Demons Never Die [Blu-ray]
Blu-ray B - United Kingdom - Exile Media Group
Review written by and copyright: Samuel Scott (18th July 2014).
The Film

***This is a technical review only. For reviews on the movie from various critics, we recommend visiting HERE.***

When London detectives Bates and Mason (Top Boy's Ashley Walters and Reggie Yates) are sent to investigate a series of deaths at a local High School, they soon focus on a teenage gang with a dark secret. Led by misfit Archie (Robert Sheehan, Killing Bono, Misfits) and school psycho Kenny (Jason Maza, Rise of the Footsoldier) each member is battling their own inner demons victims of violence, bullying, disorders and prejudice. These motives give each a reason to kill and a reason to die.

Stylish, gripping and electric-paced entertainment from The Wire's Idris Elba; Demons Never Die combines the hottest new talent including Tulisa (N-Dubz and X-Factor), Shanika Warren-Markland (, Femi Oyeniran (Anuvahood) and Arnie Oceng (Adulthood) with the year's coolest soundtrack of Chase and Status, Rizzle Kicks, Wretch 32, Jessie J and more.


Exile Media Group have given "Demons Never Die" its worldwide debut on Blu-ray in the original aspect ratio of 2.35:1. The transfer is 1080i/50 and uses an AVC MPEG-4 encode. Unfortunately, it leaves a lot to be desired, especially for such a recent movie.

I'm not really sure where to start with the large array of problems that are visible throughout this transfer. Perhaps the aliasing, which makes itself well known on various items in the backgound, especially on the bridge at 17:50, or perhaps the haloing and edge enhancement which is a constant irritation around the characters in mid-distance shots. Or how about the poor lighting choices which makes blooming an occasional eyesore during outdoors daytime scenes. Nothing is safe here. Not even the colours, which either feel overly bright, or horribly soft. Blacks are never inky and deep when you want them to be, and when you should be seeing some gentle shadow detail, you are met with some crush. To top it off, details are severely lacking for the format, with the transfer often feeling no better than an upscaled DVD. Despite all these problems, it can still pass as a bearable and watchable transfer, but you shouldn't pin your hopes on it being anywhere near as good as similar films of this ilk and budget. A big disappointment.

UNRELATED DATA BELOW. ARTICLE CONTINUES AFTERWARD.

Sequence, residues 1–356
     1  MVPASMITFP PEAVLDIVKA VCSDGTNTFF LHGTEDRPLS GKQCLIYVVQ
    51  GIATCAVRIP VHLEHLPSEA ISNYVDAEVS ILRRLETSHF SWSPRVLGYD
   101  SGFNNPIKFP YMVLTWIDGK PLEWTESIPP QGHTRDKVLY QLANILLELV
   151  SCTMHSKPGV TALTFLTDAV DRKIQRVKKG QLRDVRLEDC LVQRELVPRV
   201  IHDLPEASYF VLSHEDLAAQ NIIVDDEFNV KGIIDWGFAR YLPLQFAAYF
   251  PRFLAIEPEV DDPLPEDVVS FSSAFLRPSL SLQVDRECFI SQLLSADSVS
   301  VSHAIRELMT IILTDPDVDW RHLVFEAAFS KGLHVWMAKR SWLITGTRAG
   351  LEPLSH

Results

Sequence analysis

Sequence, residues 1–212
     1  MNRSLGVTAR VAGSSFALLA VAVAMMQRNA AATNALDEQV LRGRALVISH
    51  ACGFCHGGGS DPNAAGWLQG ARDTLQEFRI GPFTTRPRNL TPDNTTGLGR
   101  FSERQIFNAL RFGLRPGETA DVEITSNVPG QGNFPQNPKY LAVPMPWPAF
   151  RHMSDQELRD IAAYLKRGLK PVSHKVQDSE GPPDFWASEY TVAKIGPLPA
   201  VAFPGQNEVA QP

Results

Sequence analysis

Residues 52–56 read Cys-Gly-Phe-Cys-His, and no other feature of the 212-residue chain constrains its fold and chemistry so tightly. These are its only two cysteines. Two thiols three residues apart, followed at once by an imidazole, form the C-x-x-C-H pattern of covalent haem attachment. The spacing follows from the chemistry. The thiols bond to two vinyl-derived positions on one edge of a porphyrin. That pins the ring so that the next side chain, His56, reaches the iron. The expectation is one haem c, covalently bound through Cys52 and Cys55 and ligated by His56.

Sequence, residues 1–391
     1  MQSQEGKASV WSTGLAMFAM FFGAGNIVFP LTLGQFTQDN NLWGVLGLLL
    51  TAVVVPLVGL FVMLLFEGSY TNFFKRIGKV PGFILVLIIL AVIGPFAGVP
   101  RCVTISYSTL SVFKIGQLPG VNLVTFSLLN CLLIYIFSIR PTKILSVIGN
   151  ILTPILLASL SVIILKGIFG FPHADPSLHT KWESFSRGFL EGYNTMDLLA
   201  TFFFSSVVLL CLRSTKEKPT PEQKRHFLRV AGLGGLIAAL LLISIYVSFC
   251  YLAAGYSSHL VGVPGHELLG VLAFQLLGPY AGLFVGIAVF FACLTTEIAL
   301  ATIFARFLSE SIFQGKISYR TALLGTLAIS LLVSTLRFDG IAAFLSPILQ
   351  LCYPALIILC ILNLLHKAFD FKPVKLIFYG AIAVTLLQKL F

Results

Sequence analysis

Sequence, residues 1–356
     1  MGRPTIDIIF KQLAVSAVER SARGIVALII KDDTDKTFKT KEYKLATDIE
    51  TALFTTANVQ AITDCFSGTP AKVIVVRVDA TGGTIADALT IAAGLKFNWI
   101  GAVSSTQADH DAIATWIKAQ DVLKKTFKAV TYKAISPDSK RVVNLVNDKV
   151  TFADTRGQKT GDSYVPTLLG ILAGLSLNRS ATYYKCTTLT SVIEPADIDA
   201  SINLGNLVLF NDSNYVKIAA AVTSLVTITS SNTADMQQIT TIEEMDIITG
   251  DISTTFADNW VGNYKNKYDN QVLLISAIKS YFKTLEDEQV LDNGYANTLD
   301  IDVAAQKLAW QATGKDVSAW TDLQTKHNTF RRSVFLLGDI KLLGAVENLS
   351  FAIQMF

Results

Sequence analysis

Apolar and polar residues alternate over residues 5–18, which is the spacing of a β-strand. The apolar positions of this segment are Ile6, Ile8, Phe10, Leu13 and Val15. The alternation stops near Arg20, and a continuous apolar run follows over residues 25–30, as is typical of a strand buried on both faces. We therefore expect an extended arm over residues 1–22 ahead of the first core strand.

The feature is uncut, and runs 93:01.


There are two audio options available:
- English DTS-HD Master Audio 5.1
- English LPCM 2.0 Stereo

For my viewing, I opted for the English DTS-HD Master Audio 5.1. It should be noted though, that the LPCM 2.0 Stereo track annoyingly plays by default, so you will need to select the 5.1 track yourself. The 5.1 is pretty basic. The surrounds are used mainly for the score, as well as for some loud and cheap jumps, whilst the vast majority of environmental effects and dialogue are kept to the front of the sound stage. The LFE is used sparingly, but suitably. Directionality is lacking a little with no real depth or conviction, with an overall slightly flat tone taking precedent. There was no noticeable damage to the audio such as drop outs, or scratches.

No subtitles have been included.


The first extra is a music video entitled "Ouch: Demons Never Die", performed by Dionne Bromfield and featuring MZ Bratt and Chloe Moretz (3:37). No doubt about it, Dionne Bromfield has a decent voice for what I guess is called urban music? I have to say though, I'm very surprised Chloe Moretz decided to be in the video. Seems like a strange choice for both her, and the singers. I did prefer MZ Bratt's part to Bromfield. Not my type of thing to be honest, but not awful.

Next up, we have some interviews from the red carpet lasting 6:15. Interviewees are Reggie Yates, Iwan Rheon, Arjun Rose, Dionne Bromfield, Jason Maza, Tara Palmer-Tompkinson, Robert Sheehan, Shanika Warren-Markland, Arnold Oceng, Andrew Ellis, Yasmin, and Dynamo. It's a backslapping affair, even in the soundbites after they leave the screening where the people coming out looked bored to tears. It must also be noted, the quality of video and audio here, is very poor, as though it was filmed on an old phone camera.

The extras finish with teasers/trailer:
"Samanatha Suicide Note" teaser (1:08)
"Kenny and the Knife" teaser (0:21)
Theatrical Trailer (1:38)


The British film industry is massive, and we have some of the best people in the industry working behind-the-scenes at places like Pinewood. Unfortunately, like every country, we also produce some films we'd rather sweep under the carpet and forget about. "Demons Never Die" is one of them.

The Film: D Video: D+ Audio: C+ Extras: D Overall: D


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